The next session was devoted to the UAE's The Question Company. Unfortunately, I ducked out to conduct an interview but The National previously reported on the company here.

I managed to catch TwtrTales, another one of the bright spots found at DemoCamp. Conceived by Kedar Iyer, Rami Kayyali and Nagranee Channa, the website utilises Twitter to create a threaded narrative shared by social media users in 140-character bursts. The website appeared slick; the presentation was light and conversational while the concept showed decent promise. A business model may not be immediately clear but like other startups such as Foursquare and Twitter, if it's fun to use, it probably will generate money later.

The last spot of the night was reserved for Loomni, the educational platform developed by ex-Googler Nagi Salloum. I've previously written about Loomni so I won't go into what the company does, but the presentation was a key example of how the strict time allottment should have been eased. It was quite clear to the audience that Mr Salloum was nervous condensing his company into an 8-minute pitch from what he claimed was a 30-minute presentation.

While one could argue that it's all part of the game when dealing with busy investors, Ms Scott did Loomni no help by counting down Mr Salloum time as the minutes rapidly died down. In fact, as the clocked inched closer to 9 o'clock, I noticed on several occasions Ms Scott checking her watch - maybe she had a prior engagement at that time?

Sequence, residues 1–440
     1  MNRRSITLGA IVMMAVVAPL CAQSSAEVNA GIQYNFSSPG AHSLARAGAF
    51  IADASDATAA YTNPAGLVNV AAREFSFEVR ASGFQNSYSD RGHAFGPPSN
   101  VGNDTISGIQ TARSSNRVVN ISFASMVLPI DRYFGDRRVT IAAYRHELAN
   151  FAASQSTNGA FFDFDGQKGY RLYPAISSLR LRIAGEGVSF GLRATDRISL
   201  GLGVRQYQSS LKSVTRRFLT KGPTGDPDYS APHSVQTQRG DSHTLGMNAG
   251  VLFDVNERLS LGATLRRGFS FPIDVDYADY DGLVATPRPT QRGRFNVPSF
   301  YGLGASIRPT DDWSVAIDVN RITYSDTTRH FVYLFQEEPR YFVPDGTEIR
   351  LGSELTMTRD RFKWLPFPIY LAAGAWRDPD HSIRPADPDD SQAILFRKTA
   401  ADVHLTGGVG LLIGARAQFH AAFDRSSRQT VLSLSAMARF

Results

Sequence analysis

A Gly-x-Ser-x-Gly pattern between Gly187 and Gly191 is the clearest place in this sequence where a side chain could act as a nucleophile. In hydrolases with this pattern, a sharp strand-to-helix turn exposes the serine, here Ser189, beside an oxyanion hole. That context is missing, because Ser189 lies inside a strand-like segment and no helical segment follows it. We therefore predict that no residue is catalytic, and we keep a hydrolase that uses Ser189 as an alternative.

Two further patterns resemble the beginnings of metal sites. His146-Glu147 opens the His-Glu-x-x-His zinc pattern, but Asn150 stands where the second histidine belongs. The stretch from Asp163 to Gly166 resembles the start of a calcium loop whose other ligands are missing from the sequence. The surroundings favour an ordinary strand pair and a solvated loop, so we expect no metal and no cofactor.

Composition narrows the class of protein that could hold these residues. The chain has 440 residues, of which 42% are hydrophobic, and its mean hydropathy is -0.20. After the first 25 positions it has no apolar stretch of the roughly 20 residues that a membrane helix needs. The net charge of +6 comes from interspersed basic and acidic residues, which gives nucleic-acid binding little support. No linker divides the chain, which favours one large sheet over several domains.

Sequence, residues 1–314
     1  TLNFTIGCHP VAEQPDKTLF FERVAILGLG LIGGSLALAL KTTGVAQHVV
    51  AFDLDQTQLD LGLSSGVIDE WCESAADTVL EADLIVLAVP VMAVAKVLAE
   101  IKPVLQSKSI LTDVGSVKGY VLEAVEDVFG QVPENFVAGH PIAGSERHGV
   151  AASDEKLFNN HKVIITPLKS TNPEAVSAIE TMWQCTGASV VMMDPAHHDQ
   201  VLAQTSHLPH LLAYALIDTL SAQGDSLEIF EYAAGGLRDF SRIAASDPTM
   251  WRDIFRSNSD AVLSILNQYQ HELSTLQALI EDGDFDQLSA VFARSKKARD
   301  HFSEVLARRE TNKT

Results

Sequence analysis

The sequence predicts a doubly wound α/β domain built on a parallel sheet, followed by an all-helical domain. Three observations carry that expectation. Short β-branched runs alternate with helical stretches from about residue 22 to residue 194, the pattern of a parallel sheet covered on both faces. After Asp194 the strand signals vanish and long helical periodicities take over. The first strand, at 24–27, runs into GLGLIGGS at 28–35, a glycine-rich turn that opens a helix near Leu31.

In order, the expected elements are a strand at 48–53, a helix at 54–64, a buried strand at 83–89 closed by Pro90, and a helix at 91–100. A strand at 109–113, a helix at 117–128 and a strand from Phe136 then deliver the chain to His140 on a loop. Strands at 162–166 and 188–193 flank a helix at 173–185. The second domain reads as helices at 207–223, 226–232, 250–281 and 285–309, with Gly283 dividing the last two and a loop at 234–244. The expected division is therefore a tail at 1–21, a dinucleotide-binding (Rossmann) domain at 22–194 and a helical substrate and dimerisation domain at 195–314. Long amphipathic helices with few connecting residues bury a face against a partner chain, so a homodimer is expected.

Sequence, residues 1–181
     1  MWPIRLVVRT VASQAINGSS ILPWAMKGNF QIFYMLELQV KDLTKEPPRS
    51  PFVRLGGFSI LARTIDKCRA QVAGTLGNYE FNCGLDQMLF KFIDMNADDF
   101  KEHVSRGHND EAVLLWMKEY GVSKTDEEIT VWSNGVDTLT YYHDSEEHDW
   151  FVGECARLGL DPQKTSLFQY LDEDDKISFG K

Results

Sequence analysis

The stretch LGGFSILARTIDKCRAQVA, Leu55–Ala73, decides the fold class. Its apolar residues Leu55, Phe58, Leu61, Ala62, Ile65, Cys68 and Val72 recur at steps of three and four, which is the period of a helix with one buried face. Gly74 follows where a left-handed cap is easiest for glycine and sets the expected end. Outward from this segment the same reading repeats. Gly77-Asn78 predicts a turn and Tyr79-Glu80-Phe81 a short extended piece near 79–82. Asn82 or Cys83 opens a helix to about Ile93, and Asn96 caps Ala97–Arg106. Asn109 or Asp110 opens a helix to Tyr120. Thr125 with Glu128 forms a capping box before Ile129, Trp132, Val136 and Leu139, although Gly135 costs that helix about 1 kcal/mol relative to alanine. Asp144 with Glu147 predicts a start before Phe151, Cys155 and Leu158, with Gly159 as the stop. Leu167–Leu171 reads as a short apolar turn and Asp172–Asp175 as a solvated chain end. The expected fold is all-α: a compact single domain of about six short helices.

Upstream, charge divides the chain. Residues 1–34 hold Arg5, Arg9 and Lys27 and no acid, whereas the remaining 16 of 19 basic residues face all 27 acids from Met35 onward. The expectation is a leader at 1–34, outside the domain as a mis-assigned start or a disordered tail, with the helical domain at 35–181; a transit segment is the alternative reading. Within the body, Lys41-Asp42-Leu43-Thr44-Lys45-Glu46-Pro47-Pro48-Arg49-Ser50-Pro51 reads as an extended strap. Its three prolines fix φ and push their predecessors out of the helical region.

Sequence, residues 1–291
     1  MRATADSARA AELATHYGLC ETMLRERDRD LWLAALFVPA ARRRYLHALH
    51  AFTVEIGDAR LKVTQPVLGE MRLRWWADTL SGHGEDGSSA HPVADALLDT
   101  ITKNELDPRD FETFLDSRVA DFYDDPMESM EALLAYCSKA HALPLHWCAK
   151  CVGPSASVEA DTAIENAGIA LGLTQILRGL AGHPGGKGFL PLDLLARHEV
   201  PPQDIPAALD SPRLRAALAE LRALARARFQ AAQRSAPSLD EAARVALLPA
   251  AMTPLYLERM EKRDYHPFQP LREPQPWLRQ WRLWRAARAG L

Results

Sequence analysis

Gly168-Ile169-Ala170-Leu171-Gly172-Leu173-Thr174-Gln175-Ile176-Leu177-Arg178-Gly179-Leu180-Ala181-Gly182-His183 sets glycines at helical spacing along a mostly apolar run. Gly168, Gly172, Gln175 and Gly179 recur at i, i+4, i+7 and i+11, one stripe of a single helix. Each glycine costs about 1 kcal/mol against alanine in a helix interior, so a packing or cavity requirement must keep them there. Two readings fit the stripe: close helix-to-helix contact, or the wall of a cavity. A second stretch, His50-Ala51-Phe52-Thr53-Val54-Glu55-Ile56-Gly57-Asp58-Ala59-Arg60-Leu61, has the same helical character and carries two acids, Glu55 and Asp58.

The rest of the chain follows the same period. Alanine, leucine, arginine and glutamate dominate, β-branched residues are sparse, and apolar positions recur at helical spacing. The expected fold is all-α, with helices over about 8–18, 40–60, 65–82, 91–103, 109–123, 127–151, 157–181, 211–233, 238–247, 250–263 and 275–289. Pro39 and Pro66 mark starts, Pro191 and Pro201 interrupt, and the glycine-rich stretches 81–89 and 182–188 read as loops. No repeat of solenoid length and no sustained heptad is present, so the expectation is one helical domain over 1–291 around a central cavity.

Lastly, there was talk of notable judges in the audience. According to Jiwin, the PR company in charge of promoting Democamp, they were revealed to be:

  • Eng Marwan Salem Bin Haider, the vice president and chief information officer for, DEWA
  • Khalid Khawaja, the dear of ICT Department, American University of Dubai
  • Raghu Venktaraman, the chief strategy and investment officer for du
  • Imad Choucair, the chief information officer of TECOM Investments
  • Rabea Ateya, the chief executive of Bayt.com and
  • "Senior representatives from KPMG, Microsoft and QualComm"

Unfortunately, at least two judges failed to show up and none of them, except for Mr Bin Halder, was introduced to the audience. In fact, as soon as the Loomni presentation was over, none of the judges rose up to give their thoughts on the night or what some of these companies should do to make their businesses better.

As a reporter covering the technology space for the past four years or so (and as an engineering student who saw the development of some start-ups first hand), I openly admit I'm an ardent supporter of internet entrepreneurs. I also see events such as Democamp as a crucial element at improving the ecosystem for more Arabic internet startups to flourish and grow.

While it is admirable to see a government-owned organisation such as the Dubai Internet City facilitate these types of events, these companies need more encouragement, support and nurturing to help them get the level of success they deserve.

But that will never happen if the events are filled with the air of a corporatized environment rather than a communal and organic atmosphere, the withholding of vital information by the PR agency and de facto publicists, the strict timekeeping held by a moderator whose links to the startup community are minimal and the absence of judges who failed to offer support or even attend the event.